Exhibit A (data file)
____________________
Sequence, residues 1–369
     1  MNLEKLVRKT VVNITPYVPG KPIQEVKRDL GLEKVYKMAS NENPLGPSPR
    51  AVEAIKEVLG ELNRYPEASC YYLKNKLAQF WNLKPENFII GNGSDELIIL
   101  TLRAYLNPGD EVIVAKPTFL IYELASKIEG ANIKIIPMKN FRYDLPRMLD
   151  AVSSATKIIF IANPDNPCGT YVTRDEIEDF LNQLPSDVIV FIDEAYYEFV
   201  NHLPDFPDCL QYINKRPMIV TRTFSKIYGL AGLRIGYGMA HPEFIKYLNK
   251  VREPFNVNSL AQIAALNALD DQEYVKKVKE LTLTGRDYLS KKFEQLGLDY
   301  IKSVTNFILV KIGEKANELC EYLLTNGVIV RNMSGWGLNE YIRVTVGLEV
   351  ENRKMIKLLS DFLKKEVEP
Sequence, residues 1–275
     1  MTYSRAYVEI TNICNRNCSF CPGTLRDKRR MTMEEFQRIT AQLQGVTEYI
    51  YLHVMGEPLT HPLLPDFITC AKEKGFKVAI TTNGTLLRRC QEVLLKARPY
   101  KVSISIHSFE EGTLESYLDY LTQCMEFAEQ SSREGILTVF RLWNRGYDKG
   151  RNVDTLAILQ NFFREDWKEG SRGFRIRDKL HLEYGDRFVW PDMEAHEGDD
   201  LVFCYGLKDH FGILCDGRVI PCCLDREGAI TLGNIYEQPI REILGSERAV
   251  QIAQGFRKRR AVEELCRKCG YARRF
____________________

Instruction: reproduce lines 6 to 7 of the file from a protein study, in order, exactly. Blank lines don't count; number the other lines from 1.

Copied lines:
   201  NHLPDFPDCL QYINKRPMIV TRTFSKIYGL AGLRIGYGMA HPEFIKYLNK
   251  VREPFNVNSL AQIAALNALD DQEYVKKVKE LTLTGRDYLS KKFEQLGLDY